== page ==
The scanner next to my desk crackles almost constantly these days, with fire-related dispatches playing out in bursts of scratchy static and cryptic communication. The terse report I heard last Friday afternoon caught my attention among other hectic messages: a brush fire in the Signal Hill area, threatening a residence.
For some reason my instincts told me to check it out. I grabbed my camera, jumped in my truck and a few minutes later was on the Old Twisp Highway with a bunch of other gawkers, watching what came to be called the Rising Eagle Road Fire explode into a maelstrom that seemed to take out homes and acreage in a heartbeat. At about the same time, the original Cougar Flat Fire flared behind Pearrygin Lake as if it was annoyed by the recent lack of attention. Many residents lost power again, while others scrambled away from potential danger as evacuation notices spread in all directions.
The Rising Eagle Road Fire was apparently caused by sparks thrown from a flat tire on a trailer being towed on Highway 20. I suspect I’m not the only one to lament that nature was treating us harshly enough before we complicated things with a man-made fire. We’ve compounded unfortunate with un-smart, but ultimately the challenges must be tackled without regard to origin.
Meanwhile, the weather wasn’t done with us. Thunderstorms with heavy rain, erratic lightning strikes and gale-force winds pummeled the valley, starting more fires and toppling hundreds of trees that — hey, why not? — caused more power outages.
Then on Monday, much of the valley lost Internet, email and phone services when a fiber optic line was damaged — a sucker blow to the kidneys compared to the flurry of gut punches we took over the weekend, but still …
Although the Methow may have staggered a bit the past few days, the community’s resilience, generosity and determination are hard-wired into our reactions. At the same time, there are subtle signs of disaster-response fatigue, tinged with some “what’s next?” fatalism. People are starting to wonder, half-facetiously and half-out loud, if we are ever going to catch a break before the snows fall.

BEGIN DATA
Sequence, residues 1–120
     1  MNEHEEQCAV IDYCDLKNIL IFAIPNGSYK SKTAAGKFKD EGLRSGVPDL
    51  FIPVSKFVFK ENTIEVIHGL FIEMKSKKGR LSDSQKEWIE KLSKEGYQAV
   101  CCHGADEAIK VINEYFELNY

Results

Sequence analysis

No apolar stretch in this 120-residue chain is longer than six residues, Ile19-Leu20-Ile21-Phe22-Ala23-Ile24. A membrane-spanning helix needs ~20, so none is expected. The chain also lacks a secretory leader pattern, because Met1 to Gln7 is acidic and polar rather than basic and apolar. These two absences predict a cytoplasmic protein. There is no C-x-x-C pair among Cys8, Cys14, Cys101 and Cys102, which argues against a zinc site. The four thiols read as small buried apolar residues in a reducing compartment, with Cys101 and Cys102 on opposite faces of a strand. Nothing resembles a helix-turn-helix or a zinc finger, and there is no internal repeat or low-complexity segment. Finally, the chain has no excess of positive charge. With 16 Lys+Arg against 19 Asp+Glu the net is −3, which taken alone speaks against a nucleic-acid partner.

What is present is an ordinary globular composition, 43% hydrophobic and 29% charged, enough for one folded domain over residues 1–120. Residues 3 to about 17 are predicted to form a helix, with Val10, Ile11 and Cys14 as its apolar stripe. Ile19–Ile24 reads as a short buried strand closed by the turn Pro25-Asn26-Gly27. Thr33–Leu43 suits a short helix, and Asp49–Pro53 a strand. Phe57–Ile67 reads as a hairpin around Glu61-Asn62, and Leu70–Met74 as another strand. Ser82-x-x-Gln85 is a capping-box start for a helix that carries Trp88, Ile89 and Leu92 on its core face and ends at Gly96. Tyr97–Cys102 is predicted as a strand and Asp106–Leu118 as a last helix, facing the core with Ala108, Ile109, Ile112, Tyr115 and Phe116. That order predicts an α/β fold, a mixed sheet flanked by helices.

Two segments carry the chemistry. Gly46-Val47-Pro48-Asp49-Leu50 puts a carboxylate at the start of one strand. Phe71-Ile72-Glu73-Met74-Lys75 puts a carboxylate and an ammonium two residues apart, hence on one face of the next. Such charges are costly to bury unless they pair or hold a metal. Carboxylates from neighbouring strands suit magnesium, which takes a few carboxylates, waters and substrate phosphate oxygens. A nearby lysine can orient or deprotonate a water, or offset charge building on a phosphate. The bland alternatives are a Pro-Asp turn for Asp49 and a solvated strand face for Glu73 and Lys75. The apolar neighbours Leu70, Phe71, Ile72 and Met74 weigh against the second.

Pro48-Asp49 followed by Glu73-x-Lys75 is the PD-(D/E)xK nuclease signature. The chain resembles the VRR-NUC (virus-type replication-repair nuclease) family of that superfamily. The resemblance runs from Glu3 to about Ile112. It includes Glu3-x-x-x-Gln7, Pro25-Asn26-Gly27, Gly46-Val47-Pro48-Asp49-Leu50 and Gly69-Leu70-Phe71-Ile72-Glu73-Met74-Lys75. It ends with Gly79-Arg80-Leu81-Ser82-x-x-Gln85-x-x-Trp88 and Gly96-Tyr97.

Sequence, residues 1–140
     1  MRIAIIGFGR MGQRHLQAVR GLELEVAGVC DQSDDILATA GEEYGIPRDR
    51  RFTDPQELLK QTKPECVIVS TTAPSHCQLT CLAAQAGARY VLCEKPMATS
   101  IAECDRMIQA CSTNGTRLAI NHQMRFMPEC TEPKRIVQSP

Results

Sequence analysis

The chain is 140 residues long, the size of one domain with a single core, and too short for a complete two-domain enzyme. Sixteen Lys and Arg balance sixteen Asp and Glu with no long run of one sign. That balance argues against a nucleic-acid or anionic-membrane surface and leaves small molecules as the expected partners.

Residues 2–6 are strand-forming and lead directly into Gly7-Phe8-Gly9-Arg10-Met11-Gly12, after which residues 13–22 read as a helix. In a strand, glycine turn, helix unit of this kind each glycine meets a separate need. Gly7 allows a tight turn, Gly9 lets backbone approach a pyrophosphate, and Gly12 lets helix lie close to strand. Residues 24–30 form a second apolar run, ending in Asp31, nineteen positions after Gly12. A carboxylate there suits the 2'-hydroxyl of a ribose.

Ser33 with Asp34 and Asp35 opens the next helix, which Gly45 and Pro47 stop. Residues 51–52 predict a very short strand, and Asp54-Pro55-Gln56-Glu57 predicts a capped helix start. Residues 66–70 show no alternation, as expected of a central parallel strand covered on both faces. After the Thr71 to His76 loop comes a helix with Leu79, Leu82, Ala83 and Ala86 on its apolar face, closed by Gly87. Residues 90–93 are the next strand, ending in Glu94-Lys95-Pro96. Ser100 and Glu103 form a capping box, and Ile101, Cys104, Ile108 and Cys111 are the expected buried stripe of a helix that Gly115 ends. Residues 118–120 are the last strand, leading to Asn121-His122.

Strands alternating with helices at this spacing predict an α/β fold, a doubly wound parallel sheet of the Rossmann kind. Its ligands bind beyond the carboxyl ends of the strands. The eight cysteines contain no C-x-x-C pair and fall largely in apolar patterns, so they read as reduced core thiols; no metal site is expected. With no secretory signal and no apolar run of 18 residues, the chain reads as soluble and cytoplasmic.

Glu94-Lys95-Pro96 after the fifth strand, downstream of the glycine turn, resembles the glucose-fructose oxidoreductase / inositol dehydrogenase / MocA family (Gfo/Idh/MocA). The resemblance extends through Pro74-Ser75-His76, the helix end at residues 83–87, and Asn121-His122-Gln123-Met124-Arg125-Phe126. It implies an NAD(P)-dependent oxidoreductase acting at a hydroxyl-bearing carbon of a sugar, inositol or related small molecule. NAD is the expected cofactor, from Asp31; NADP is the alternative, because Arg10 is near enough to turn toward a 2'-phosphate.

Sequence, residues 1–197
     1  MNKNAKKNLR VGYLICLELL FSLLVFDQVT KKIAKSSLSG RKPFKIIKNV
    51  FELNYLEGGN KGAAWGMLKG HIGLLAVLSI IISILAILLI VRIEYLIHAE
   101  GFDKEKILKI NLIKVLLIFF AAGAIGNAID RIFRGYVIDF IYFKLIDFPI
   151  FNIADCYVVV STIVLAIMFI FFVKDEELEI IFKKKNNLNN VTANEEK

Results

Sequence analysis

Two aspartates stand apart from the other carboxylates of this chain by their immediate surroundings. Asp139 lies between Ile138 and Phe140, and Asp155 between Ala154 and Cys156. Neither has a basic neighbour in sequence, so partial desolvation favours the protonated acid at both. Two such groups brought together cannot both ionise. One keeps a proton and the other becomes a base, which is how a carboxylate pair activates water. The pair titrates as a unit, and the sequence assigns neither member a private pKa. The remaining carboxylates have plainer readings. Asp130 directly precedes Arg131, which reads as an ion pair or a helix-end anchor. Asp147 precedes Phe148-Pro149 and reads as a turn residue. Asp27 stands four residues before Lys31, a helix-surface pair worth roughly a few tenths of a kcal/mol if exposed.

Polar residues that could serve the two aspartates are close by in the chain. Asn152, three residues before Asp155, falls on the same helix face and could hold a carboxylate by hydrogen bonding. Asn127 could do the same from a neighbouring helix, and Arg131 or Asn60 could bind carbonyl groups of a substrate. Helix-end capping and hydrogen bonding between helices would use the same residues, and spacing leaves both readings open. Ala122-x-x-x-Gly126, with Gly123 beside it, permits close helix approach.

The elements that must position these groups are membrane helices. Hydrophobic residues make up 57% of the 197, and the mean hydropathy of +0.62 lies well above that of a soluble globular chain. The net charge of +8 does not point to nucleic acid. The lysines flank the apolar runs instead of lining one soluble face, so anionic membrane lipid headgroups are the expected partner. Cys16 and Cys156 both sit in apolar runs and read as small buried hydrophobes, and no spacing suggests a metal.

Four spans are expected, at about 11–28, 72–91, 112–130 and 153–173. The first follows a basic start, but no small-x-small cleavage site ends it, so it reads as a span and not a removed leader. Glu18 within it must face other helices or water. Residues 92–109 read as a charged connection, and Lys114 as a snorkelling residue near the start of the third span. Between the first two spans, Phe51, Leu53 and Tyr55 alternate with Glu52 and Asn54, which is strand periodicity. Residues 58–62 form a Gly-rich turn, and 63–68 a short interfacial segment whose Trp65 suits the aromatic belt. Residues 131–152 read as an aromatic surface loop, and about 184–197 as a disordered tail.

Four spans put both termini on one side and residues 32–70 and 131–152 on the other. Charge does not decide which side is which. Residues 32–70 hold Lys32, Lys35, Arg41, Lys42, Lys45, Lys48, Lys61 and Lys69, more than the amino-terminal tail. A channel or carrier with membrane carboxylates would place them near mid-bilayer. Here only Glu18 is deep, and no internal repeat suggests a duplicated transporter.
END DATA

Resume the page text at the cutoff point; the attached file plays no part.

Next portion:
Questions about recovery — how, what, where, who, when, why, why not — pile up as an acronymic alphabet soup of agencies descends to assist us (or at least some of us). While we can try to catalog the cumulative destruction, it amounts to hundreds of individual cases with specific needs that require distinct solutions. Responsibility and assistance? Culpability and punishment? Liability and reimbursement? These are things to be sorted out over time as we all look for ways to achieve the “new normal” in the valley.
In the moment, however, there’s a perverse urgency to seizing the disaster spotlight before it fickly moves on. In recent days we’ve been visited by Gov. Jay Inslee and other top state officials, Sen. Maria Cantwell, and all of our 12th District state representatives, each one promising whatever help they can deliver. Now is the time to hold them to it, for their attentions will inevitably be drawn elsewhere as the valley’s recovery process settles into a bureaucratic slog.
Day to day, the valley remains resolute but wary. Late Monday afternoon, the scanner informed us of a small brush fire near the intersection of Balky Hill Road and Twisp-Winthrop Eastside Road. Those of us in the newspaper office flinched a bit, because we are now conditioned to take every report seriously. Okanogan County Fire District 6 dispatched a truck and dealt with the fire quickly.
Not that long ago, we might have dismissed it as just another flare-up on a 95-degree day. No more.